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Tuesday, September 27, 2022

We fight all the time since our twins were born. Should we get divorced? | Family

I have been with my wife for 10 years. Two years ago, after fertility treatment, I became pregnant with twins, now 18 months old. Although overjoyed, I feel our marriage has suffered.

We love our children dearly. But time and finances are seriously affecting our marriage, to the extent that divorce has come up.

The childcare costs are so much, and we’ve both had to make huge sacrifices. I’ve had to cut a day from my work week – it doesn’t sound like much, but I’m an academic and have given up my one research day to take care of the twins. I feel sad and frustrated. I went into this career mainly to do research, not correct endless essays and then spend the rest of the time with the kids. I feel robbed, like I did a PhD for nothing.

All of my wages go to pay for childcare, so I feel trapped between scraping my pennies together, never getting enough work done, and feeling bitter that all my time/money is going to the children. Don’t get me wrong – I know what is involved in being a parent, and I understand that sacrifice is part of it. I’m just left with nothing in the engine.

My wife, meanwhile, gets to work her five-day-a-week job (her job isn’t as flexible as mine), but she is exhausted as she has to work shifts. We fight about cleaning, childcare time, what we do with our individual free time, and money. She has said she feels trapped in our marriage because we have the kids and the house.

I still love her, she’s a great mother and generally a good person, but I’m getting to a point where I resent her. I don’t think she loves me any more and wonder: should we get divorced?

Not yet. It all sounds very tough. You’ve both had such a huge life change. Fertility treatment can be gruelling, and when you do get pregnant and have children the pressure to feel happy and grateful is immense.

You sound like you had a fulfilled (and ordered) life before you had children, and the change from autonomous adult to parenthood can take time to get used to. You say you “know what’s involved” in being a parent, but I’m not sure anyone really does until they get there. The constant alertness, being available 24/7, being interrupted all the time, the sleep deprivation, the competitive tiredness with one’s partner. They can challenge a person’s sanity.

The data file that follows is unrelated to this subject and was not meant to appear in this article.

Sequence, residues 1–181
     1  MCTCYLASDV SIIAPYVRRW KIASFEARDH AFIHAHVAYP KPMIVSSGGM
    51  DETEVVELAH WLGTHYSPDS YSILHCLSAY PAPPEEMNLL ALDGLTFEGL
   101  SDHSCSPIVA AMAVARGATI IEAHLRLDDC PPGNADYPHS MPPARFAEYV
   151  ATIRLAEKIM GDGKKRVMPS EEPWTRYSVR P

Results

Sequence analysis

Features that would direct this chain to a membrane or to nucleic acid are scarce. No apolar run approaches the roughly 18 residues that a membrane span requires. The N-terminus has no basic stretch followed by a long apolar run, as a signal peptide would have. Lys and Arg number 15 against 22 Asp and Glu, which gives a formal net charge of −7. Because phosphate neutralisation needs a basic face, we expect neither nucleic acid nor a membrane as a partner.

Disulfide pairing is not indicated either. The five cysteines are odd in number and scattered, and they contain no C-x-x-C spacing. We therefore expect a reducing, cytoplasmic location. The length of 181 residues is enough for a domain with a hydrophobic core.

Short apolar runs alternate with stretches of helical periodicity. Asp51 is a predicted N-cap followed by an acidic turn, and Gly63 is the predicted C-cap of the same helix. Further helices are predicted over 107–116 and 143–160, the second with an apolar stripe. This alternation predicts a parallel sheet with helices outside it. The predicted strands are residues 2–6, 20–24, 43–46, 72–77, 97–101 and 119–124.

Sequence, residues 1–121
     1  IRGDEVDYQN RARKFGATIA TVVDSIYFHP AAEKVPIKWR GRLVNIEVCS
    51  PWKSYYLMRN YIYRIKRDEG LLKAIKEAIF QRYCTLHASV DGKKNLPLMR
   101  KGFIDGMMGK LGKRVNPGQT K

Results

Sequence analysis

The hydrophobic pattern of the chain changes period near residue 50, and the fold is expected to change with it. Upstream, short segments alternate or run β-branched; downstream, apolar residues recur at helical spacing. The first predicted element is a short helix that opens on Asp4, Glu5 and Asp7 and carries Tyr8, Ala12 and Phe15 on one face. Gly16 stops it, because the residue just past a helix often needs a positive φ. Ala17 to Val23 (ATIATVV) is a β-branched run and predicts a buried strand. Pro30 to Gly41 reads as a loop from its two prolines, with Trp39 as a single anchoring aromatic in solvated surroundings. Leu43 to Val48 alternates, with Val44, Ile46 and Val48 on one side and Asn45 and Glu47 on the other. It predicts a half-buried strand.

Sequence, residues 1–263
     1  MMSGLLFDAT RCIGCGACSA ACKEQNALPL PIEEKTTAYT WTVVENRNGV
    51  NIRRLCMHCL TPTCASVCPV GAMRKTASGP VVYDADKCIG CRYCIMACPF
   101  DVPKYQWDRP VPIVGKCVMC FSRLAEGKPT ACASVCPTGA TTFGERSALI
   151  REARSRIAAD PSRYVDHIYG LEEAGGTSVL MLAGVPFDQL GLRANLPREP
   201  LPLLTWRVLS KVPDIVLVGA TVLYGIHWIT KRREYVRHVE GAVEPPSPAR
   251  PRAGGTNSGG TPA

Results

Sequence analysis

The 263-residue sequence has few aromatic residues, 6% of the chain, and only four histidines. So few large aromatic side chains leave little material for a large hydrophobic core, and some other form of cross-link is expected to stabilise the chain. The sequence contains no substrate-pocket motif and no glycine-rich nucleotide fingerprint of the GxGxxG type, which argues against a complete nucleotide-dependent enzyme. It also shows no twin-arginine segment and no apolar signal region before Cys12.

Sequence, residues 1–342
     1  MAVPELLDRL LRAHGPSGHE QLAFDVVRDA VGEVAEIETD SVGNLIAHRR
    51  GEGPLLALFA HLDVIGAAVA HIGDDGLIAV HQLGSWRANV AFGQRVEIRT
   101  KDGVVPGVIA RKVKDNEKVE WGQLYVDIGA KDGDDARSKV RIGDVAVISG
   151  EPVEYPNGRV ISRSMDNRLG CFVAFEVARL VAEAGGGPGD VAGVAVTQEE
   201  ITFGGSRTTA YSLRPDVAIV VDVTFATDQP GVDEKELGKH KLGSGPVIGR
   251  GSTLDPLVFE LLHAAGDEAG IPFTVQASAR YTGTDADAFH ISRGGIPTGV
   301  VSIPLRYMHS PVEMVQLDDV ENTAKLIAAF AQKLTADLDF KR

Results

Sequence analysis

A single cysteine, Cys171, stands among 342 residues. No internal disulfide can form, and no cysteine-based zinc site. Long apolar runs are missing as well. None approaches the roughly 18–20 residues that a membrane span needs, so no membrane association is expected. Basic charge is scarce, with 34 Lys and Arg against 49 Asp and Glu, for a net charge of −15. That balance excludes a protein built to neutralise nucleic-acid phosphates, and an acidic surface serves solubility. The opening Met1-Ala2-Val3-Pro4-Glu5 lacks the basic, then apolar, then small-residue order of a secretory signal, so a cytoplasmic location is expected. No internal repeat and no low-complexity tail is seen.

I wonder if your wife sees the children as more “your” responsibility – and that you feel this, as you gave birth to them? I wanted to know why the childcare come out of your wages alone?

I consulted UKCP psychotherapist Fe Robinson: “When we’re under a lot of pressure we lose that generosity of being able to see things from another person’s point of view.”

We both think that’s happening with you and your wife. “Also,” says Robinson, “when you’re tired and overstretched, everything feels like a job – even the joyful stuff.”

Robinson wondered what your support network was. When we feel resentful, we often want our partners to recognise this and “save” us. This might not happen as you both sound incredibly stretched.

It’s useful to remember that this hyper-dependent stage – where childcare sucks all your finances – isn’t for ever. “Remember, from the term after they turn three you’ll get some free childcare,” says Robinson. But before you know it, they will be in school. Things will shift again.

Robinson also sensed a “struggle with identity; you’re an academic with a PhD – maybe you feel you’ve given up who you are, yet are not feeling rewarded in your experience of mothering”. Try to remember: these things take time.

Robinson recommended an exercise she does with couples: “I get them to imagine various different futures, eg, ‘What would your life be like if you stay as you are in six months/a year/five years?’ and you then compare that to other scenarios such as ‘What would it be like if we split?’”

You probably feel you can’t afford couples therapy, but it can be transformative – and splitting up is expensive. Also, the childcare won’t get easier, just more complicated. Divorcing won’t make you richer either. Splitting up may feel like the only answer but, from what you’ve said, your relationship is still worth saving.

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Every week Annalisa Barbieri addresses a family-related problem sent in by a reader. If you would like advice from Annalisa on a family matter, please send your problem to ask.annalisa@theguardian.com. Annalisa regrets she cannot enter into personal correspondence. Submissions are subject to our terms and conditions.

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